Bachelorette

Written and directed by Leslye Headland, the New York City-set Bachelorette may have roots that stretch back past 2011's Bridesmaids, from co-writer-star Kristen Wiig and director Paul Feig. But in almost every conceivable way, shape and form this feels like a rudderless knock-off of that $288 million worldwide-grossing smash hit. Self-consciously raunchy and simply more loud and annoying than funny and insightful, Bachelorette serves as ample evidence that women can do stupid and crude as well as men, if pushed to it.



When Becky (Rebel Wilson) announces her engagement, it stings old high school friend Regan (Kirsten Dunst), an over-achieving, career-driven bitch-on-wheels, but she nonetheless pledges to handle all the wedding planning. The nuptials also reunite Regan with her two other best friends from adolescence — the sarcastic if somewhat self-destructive Gena (Lizzy Caplan), wounded by an unresolved relationship with an ex, Clyde (Adam Scott); and Katie (Isla Fisher), a ditzy party girl and cocaine fiend who loves the good life. Though Becky insists on keeping the bachelorette party low-key, Regan finds her interest caught by another member of the wedding party, Trevor (James Marsden). Much carousing and debauchery ensues, along with a tie-it-together sub-plot about repairing much inadvertent damage to Becky's dress.

Bachelorette had its premiere at the 2012 Sundance Film Festival, which is a bit dispiriting to think about — the fact that some truly independent and undiscovered filmmakers got a rejection slip merely so that this slapdash vehicle, populated with recognizable faces, could bring a bunch of stars to Park City, Utah. The movie is apparently adapted from Headland's own stageplay, but its willful bawdiness (slang like "cuntgina" is tossed around, and Gena's outgoing cell phone message chirps, "Eat a dick!") feels less rooted in character than some fantasy, gender-flipped construct — a women's studies paper on the subversion of heretofore historically masculine bonding through lewdness.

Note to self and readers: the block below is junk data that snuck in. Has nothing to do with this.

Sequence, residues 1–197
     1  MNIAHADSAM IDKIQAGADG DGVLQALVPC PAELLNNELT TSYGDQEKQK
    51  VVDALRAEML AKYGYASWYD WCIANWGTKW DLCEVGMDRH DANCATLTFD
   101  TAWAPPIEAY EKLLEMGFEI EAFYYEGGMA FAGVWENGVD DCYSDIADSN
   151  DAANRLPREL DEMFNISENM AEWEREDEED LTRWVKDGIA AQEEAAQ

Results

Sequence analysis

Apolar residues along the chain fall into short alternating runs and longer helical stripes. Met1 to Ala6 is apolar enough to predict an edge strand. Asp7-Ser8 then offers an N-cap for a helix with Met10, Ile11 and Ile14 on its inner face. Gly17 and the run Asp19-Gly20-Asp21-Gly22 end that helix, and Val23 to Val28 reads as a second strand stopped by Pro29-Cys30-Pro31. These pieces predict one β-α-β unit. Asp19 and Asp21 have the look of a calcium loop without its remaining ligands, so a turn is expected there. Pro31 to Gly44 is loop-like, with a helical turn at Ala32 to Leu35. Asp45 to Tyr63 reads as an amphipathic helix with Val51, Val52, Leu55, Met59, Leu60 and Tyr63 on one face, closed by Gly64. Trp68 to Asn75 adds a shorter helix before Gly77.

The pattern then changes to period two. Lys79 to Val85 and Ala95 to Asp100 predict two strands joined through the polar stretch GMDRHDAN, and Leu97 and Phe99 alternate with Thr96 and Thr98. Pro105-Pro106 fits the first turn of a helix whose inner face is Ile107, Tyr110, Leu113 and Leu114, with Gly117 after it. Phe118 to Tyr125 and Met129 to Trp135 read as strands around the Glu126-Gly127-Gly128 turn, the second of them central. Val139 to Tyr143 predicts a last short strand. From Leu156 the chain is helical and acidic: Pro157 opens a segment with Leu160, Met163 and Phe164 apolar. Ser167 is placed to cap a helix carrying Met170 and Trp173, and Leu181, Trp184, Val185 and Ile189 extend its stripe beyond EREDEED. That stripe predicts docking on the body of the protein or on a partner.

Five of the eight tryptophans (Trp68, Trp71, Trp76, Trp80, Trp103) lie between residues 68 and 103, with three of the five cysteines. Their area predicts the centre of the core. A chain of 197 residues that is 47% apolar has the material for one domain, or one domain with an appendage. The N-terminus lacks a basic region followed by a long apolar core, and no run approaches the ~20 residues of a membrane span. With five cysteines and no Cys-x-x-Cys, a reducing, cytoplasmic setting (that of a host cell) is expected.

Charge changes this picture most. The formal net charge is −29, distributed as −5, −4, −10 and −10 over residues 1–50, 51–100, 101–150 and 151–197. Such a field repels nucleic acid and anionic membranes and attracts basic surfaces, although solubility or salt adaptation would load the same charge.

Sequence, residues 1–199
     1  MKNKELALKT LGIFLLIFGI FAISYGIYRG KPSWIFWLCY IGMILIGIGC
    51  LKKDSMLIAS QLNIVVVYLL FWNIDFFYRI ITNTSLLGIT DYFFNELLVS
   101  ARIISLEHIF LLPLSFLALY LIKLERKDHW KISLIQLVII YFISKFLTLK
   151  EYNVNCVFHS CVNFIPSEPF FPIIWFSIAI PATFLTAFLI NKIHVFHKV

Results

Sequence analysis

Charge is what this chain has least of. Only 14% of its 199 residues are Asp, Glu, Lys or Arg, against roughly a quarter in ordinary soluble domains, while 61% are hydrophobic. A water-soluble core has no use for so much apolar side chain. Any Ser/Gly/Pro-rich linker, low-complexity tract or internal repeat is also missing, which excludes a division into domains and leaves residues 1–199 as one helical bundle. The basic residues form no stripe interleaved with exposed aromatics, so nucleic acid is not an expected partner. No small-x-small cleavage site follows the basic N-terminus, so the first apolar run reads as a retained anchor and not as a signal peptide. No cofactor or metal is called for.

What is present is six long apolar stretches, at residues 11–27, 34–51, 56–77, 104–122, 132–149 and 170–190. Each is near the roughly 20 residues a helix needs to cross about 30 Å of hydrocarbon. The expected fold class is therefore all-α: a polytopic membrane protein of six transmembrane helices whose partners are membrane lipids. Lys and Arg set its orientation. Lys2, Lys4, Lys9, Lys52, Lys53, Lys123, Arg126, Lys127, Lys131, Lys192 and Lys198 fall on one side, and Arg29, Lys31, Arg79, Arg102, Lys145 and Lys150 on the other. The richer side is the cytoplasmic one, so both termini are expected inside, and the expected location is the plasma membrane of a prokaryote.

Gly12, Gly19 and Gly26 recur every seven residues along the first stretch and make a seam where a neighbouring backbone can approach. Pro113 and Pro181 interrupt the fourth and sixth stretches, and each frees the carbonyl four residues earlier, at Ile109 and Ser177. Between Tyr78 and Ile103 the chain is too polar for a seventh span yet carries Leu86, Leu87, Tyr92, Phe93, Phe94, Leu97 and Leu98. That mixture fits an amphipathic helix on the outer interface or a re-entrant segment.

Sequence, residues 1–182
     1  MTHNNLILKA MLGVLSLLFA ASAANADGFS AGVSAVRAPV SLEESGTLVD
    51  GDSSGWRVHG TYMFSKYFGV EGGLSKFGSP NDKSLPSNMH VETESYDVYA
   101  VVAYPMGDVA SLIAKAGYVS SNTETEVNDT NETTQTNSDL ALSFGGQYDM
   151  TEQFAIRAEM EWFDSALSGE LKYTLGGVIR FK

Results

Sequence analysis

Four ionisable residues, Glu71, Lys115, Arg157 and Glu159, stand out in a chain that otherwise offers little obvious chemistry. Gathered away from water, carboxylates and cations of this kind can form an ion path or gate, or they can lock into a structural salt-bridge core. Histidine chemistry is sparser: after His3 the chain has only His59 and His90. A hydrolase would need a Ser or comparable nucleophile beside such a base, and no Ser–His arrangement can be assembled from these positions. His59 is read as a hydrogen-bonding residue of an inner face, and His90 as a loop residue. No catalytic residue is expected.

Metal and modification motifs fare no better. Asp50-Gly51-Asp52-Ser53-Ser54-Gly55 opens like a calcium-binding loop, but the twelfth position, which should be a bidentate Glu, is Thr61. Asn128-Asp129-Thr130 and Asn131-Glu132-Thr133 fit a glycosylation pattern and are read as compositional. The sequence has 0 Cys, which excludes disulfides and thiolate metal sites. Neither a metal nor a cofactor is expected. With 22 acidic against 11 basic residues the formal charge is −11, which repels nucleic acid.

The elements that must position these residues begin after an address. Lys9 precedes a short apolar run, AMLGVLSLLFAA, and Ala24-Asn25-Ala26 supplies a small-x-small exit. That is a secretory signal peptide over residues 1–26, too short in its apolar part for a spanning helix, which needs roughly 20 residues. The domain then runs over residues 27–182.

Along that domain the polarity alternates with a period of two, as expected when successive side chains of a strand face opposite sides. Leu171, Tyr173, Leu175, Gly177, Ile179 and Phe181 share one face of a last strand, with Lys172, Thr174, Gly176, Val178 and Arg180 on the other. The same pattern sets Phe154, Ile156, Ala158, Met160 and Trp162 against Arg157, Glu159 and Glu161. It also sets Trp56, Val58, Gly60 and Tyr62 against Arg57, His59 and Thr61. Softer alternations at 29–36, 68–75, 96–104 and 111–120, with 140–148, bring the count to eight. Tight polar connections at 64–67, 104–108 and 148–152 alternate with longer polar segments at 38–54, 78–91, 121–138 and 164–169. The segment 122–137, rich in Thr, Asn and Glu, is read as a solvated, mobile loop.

A few of Headland's referential riffs connect because of their specificity — analogies to Fast Times at Ridgemont High characters, Gena and Clyde's shared recollection through the prism of an old pop song, and the name-checking of a somewhat obscure Saturday Night Live sketch — but most of the writing just seems manic and desperate. The movie is basically After Hours cross-pollinated with The Sweetest Thing. None of the depth of insight into female friendships or romantic relationships in general present in abundance in Bridesmaids is on display in Bachelorette. It's just pointless vulgarity, peppered with some one-liners and channeled through showy, phony characters.

Then there is the acting, which is also problematic. Wilson (a scene-stealer in Bridesmaids, as Wiig's roommate) generally acquits herself, and Caplan — getting to showcase a more super-charged style than typical — is still a delightful screen presence, finding ways to work in sly bits here and there. Fisher and Dunst, however, deliver shrill, gaudy performances largely devoid of recognizable human traits. One merely wants this terrible Bachelorette party to be over, so that one doesn't have to see them again. For the full, original review, from ShockYa, click here. (Weinstein Company/Radius, R, 87 minutes)

 

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